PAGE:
A recent Court of Appeal ruling that confirmed UK legislation does not protect striking employees from action short of dismissal has ‘given bosses the green light to discipline staff who strike’, a union has claimed.
Unison said employers may feel “emboldened to mistreat employees” who take part in organised strikes following the recent Mercer v Alternative Future Group & Another judgment. It said it would lodge an appeal against the ruling.
The case involved a trade union representative Ms Mercer, who was suspended by care provider Alternative Futures Group after taking part in a strike over cuts to pay for sleep-in shifts.
She took a claim for detriment to an employment tribunal and was unsuccessful, but succeeded on appeal at the Employment Appeal Tribunal.
Unison argued on her behalf that Article 11 of the European Convention on Human Rights – incorporated into UK law by the Human Rights Act 1998 – protects workers who take industrial action against their employer. The union said this meant they should not be disciplined or treated unfairly because they had taken part in industrial action, which the EAT agreed with.
Trade union detriment
However, business secretary Kwasi Kwarteng intervened in the case and took an appeal against the EAT’s decision to the Court of Appeal. This resulted in the EAT’s ruling being overturned.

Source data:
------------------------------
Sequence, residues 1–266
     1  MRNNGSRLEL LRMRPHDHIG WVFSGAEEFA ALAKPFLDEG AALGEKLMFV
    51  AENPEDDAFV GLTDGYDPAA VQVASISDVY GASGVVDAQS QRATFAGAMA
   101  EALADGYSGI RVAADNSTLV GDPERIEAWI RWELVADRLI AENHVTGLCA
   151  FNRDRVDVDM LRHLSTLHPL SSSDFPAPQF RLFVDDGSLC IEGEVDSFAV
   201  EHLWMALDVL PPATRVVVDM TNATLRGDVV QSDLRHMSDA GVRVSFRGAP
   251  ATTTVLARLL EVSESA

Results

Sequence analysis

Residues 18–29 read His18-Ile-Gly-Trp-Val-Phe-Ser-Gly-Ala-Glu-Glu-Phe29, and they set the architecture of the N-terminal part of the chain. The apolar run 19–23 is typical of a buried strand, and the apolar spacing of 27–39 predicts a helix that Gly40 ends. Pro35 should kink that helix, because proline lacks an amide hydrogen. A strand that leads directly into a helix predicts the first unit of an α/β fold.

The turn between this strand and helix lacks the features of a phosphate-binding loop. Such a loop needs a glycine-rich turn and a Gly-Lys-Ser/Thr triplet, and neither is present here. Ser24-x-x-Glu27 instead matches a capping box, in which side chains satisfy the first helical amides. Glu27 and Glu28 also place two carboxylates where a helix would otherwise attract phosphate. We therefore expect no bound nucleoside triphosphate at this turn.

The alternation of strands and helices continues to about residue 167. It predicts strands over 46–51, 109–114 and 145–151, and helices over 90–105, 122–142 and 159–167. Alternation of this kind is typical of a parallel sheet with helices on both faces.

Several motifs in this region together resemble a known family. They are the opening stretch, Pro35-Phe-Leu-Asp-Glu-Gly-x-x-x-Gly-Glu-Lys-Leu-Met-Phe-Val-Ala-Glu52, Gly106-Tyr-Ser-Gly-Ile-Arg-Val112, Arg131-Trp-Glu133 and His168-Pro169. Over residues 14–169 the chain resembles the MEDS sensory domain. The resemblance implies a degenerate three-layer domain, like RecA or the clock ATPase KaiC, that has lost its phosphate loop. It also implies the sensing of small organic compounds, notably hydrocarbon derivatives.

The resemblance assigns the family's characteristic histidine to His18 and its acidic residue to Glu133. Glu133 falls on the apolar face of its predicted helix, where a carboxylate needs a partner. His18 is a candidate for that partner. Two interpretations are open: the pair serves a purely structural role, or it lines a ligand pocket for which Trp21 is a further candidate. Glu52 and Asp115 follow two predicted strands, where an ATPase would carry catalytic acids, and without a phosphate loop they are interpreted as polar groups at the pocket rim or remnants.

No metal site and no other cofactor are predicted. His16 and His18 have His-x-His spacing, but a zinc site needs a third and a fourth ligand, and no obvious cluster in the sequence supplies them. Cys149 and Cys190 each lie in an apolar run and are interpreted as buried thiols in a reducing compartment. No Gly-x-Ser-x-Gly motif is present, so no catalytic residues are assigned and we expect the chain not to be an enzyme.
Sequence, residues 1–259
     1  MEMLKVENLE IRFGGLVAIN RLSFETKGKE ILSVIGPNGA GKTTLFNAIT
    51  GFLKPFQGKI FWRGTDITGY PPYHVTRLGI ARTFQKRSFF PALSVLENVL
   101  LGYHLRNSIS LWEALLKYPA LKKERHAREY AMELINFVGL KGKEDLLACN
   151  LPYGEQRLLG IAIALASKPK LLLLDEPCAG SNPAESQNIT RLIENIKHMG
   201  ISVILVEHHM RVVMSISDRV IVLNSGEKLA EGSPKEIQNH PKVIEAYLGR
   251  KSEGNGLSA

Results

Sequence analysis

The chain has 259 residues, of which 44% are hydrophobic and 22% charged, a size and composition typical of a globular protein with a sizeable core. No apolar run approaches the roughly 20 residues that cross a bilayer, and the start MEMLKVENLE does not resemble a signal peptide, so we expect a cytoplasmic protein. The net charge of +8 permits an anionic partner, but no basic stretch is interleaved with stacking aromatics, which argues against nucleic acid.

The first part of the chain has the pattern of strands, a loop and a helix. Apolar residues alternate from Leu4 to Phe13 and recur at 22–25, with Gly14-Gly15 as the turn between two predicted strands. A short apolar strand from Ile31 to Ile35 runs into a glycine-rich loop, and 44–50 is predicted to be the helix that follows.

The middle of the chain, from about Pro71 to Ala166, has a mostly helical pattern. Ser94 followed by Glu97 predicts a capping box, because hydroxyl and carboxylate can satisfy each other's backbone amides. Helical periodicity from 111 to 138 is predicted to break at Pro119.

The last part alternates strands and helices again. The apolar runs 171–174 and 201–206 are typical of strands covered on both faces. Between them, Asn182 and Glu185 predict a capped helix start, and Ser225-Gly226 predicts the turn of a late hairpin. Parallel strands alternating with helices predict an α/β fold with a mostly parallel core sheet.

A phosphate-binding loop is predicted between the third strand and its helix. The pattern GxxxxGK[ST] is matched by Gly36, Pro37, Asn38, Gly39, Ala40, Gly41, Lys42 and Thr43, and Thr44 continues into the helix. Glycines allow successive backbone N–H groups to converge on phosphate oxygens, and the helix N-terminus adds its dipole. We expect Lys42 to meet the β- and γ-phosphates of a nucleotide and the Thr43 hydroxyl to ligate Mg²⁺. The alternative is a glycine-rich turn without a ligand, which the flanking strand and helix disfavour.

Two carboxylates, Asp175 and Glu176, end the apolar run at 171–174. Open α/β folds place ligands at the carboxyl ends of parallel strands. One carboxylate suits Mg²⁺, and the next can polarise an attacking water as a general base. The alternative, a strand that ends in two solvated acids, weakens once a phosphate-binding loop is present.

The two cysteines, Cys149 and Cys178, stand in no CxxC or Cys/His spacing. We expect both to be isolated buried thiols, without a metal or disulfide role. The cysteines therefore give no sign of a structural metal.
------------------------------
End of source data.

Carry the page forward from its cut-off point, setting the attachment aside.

The government’s intervention means that a loophole in protection for striking workers continues, Unison claims. This is because the tribunal found the Trade Union Labour Relations (Consolidation) Act 1992 was incompatible with international human rights law.
Unison general secretary Christina McAnea said: “Bad bosses will be rubbing their hands with glee. This backwards step gives employers the green light to target staff who stand up to them.
“Employees only get involved in disputes at work as a last resort. But they often have little other option when employers behave badly.
“The court should have been much bolder, particularly after its own judgment said that a failure to protect striking workers could put the UK in breach of international human rights law. P&O Ferries’ appalling sacking of hundreds of workers demonstrates that UK employment law is no deterrent.
“The effect of this decision will be that employees will be fearful of challenging unfair treatment. The government should be protecting their rights, not undermining them.”